By Hannah Newell, graduate student in the Institute’s 15th cohort.
When you hear the word raven, what first comes to mind? Do the words deceptive, persistent, clever, noisy or disruptive come to mind? Most often, this is how people have culturally thought of the raven.
Through the early works of Edgar Allen Poe, parts of society have learned to fear the death bringing raven who “Quoth, nevermore” to his dead love Eleanor. What people don’t always know is that the story goes deeper into history. Early cultures around the world have encountered the raven through hunting practices or even at their homes. Hunters from Greenland have been recorded using ravens as a beacon for finding herds of caribou as they were associated with flying in circles around the herds. Similarly, the Han of the Yukon in Canada went to the length of mimicking their calls in order to attract bears to hunting areas. This learned behavior of the bear acts as an example of cultural knowledge being passed on through the generations of bears, creating a new learned relationship between the bear, the raven and the hunter. The raven, being the one who finds the carcass, the bear who strives for the same carcass by following the raven call, and the hunter who uses the desire of the bear to hunt it for their own needs. Ravens use the exchange of knowledge from generation to generation to transfer understandings of humans, feeding sites and potential threats to either their own brood or to roosting mates.
The relationship between humans and ravens have not always been one of admiration, but as we step into the next generation with science and field biology as a priority in many cultures around the world, the desire to learn about ravens and their complicated social dynamics has grown. When humans begin to learn about their complexity, the raven becomes more interesting and desirable to understand, perpetuating the line of knowledge.
Through the work of biologists such as Bernd Heinrich and John Marzluff, the world has been exposed to some of the learned and innate behaviors of ravens. The majority of their observations have been done through feeding sites as this is where the easiest viewing plays out and where there is exposure to social hierarchies and individual characteristics.
Some of the more interesting conclusions that have been made through these observations is the relationship between the resident pair and any incoming raven. At a feeding site, if a resident pair holds the territory that the carcass is in, any intruding raven will be forced away from the area by the resident pair, but if the singular raven returns with reinforcements, often the resident pair will be forced to submit and allow feeding for the whole group to happen. An interesting point to this is that many times these resident pairs or individual ravens will antagonize each other, but will completely ignore any other bird species.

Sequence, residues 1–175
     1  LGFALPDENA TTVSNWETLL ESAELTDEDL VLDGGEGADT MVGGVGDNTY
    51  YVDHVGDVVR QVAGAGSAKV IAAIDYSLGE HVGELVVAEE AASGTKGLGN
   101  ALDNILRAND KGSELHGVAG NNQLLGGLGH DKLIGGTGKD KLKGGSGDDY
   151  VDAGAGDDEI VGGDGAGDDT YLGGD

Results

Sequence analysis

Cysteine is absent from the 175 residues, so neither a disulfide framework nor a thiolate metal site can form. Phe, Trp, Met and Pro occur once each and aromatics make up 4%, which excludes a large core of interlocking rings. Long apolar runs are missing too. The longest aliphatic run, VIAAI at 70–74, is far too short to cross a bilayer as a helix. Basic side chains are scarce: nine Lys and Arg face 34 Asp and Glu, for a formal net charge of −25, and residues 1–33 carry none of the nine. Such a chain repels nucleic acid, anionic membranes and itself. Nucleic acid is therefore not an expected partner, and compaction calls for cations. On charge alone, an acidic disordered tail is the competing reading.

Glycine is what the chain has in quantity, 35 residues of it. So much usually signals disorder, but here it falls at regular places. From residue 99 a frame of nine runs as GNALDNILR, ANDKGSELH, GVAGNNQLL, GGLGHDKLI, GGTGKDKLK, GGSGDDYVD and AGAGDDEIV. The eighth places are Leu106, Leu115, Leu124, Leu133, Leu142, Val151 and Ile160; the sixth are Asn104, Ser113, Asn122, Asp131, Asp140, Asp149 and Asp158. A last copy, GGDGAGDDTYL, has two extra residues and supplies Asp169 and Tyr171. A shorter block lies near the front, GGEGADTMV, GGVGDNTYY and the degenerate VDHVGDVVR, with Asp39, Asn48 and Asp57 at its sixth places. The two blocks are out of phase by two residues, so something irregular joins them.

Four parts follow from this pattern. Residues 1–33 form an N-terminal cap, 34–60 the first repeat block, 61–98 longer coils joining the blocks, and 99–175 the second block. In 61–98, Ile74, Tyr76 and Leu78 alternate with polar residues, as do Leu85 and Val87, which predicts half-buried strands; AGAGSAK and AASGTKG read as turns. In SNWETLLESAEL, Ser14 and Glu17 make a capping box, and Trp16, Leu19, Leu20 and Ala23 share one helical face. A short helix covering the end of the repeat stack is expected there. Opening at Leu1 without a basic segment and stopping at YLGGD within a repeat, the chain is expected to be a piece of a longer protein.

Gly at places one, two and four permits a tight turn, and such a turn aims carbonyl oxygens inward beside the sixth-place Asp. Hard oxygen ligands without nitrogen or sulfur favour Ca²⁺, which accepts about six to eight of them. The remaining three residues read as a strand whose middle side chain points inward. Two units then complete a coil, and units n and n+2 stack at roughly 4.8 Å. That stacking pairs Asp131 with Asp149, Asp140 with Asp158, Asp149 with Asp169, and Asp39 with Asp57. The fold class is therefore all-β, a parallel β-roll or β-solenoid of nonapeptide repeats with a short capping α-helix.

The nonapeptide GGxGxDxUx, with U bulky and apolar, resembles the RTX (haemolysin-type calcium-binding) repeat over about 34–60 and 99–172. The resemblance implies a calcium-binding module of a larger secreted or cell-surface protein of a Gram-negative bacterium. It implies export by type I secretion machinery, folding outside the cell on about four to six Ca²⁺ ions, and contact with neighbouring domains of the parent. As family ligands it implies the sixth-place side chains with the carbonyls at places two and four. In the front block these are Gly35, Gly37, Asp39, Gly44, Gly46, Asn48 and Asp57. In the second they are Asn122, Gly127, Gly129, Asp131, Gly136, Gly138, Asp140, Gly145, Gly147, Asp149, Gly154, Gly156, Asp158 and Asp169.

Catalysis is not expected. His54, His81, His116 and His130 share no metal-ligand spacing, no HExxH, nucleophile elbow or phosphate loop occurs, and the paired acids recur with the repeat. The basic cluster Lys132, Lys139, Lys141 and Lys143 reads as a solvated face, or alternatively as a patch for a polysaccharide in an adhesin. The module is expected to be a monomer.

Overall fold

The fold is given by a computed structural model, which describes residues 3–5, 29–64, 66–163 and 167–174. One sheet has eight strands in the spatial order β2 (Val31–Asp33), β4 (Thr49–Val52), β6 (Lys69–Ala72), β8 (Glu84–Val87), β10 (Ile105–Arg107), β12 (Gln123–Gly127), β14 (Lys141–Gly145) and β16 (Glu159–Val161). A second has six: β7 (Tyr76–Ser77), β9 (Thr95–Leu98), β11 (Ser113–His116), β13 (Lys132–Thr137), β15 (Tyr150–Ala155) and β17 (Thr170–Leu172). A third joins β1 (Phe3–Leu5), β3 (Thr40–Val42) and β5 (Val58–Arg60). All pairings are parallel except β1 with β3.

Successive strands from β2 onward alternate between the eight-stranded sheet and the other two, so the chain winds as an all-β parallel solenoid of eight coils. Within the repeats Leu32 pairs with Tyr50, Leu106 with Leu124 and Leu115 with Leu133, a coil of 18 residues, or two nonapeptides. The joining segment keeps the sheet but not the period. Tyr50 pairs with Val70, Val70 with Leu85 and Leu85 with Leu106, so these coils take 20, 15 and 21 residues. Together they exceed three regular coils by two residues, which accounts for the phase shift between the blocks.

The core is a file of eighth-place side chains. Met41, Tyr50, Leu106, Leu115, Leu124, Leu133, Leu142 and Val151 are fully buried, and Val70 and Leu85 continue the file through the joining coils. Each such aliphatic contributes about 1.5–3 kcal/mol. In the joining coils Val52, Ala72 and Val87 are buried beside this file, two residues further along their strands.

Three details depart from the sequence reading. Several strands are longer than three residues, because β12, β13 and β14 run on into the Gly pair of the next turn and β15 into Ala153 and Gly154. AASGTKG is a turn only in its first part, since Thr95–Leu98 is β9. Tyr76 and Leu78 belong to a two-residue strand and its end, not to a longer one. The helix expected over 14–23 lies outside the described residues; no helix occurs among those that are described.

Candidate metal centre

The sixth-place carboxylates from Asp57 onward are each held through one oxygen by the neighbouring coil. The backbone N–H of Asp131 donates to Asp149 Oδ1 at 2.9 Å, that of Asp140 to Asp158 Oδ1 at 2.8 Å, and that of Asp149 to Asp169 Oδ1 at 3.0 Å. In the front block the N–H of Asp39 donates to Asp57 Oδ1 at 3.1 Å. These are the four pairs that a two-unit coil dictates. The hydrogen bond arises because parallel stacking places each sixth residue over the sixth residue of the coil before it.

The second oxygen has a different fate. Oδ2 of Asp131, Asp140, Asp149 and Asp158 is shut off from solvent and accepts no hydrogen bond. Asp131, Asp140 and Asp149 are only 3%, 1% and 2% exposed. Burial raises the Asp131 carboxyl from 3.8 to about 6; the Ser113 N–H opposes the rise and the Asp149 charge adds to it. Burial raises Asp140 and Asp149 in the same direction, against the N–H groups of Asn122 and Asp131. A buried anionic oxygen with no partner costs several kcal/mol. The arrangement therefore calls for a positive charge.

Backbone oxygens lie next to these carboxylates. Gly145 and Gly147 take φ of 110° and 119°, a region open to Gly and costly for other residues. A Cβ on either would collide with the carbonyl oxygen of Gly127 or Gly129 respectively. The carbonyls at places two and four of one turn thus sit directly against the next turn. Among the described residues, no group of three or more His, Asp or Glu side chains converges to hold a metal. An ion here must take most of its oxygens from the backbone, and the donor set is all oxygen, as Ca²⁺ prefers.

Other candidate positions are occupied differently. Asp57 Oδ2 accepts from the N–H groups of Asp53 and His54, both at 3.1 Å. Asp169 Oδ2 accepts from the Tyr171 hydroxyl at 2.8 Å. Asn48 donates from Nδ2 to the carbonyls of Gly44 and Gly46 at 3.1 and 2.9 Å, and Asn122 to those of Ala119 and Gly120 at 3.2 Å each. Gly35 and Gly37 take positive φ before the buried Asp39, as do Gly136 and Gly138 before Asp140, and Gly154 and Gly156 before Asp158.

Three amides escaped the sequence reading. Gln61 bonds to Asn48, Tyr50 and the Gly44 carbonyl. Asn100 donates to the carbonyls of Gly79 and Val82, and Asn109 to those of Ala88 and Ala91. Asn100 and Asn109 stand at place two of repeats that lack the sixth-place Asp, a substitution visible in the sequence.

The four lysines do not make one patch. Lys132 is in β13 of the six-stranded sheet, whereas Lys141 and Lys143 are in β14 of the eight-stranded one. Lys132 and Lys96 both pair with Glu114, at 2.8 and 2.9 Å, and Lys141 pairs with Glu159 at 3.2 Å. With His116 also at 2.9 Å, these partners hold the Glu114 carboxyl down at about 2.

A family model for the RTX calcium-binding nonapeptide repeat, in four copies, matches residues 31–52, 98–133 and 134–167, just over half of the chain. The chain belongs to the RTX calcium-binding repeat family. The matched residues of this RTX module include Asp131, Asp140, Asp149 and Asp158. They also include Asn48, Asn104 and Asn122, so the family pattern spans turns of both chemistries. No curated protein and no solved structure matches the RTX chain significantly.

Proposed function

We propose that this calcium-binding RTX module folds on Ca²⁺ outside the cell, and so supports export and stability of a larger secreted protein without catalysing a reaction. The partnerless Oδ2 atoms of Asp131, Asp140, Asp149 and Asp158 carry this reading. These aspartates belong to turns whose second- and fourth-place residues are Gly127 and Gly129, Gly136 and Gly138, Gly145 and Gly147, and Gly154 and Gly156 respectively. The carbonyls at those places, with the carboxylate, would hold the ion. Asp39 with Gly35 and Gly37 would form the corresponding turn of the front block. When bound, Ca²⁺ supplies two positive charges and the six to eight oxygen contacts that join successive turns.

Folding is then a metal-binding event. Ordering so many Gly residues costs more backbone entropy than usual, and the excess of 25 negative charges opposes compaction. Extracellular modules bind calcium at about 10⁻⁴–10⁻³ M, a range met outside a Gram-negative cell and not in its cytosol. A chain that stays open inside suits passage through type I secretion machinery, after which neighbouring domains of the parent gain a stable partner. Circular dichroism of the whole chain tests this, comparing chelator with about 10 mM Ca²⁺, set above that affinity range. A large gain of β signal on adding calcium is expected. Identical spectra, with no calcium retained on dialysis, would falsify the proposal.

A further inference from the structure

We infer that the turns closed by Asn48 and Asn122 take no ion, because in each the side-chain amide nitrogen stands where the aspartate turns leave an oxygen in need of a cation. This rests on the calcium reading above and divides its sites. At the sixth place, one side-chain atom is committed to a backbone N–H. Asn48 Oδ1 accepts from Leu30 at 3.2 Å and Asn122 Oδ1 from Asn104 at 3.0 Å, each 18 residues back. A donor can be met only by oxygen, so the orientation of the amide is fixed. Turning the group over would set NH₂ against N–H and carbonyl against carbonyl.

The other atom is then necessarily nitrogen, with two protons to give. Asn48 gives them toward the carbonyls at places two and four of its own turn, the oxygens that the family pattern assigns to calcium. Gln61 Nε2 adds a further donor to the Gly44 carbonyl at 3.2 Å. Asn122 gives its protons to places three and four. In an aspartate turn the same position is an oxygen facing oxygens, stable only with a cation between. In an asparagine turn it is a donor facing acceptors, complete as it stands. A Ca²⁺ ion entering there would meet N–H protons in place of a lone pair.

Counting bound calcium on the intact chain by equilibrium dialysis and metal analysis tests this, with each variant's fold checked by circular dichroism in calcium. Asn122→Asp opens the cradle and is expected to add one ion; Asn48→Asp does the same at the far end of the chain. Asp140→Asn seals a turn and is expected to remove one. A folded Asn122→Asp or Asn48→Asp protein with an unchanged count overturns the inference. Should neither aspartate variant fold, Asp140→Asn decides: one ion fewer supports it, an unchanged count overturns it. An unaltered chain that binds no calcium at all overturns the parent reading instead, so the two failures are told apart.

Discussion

Throughout the research stage of this project, I was compelled to make my own observations of the resident pairs we have around the Environmental Learning Center and the Diablo Dam. I settled on a nesting pair just below the dam road that made for easy viewing through a spotting scope. Through the observations I made, I learned that these ravens have particular reliable feeding spots that they will visit continuously. They have learned to frequent these spots because of the abundance of mice that get thrown out of the dam building by workers. These same workers have also created a bond with these ravens and will even be protected by them from various wildlife intruders that pose a threat to them.
Ravens are as different individually as humans are in our characteristics. Understanding just one dynamic feeding group will not give you the answers to the whole raven population. But what we are starting to come to terms with is the fact that these birds are not the scary death bringer, tricksters that we still associate with their species. In fact, they can be cunning and clever, but it is their will to survive and socialize that brings those characteristics to the forefront.
First image: Birds of America, John J. Audubon
Second image: Glen Rabena (glenrabena.com)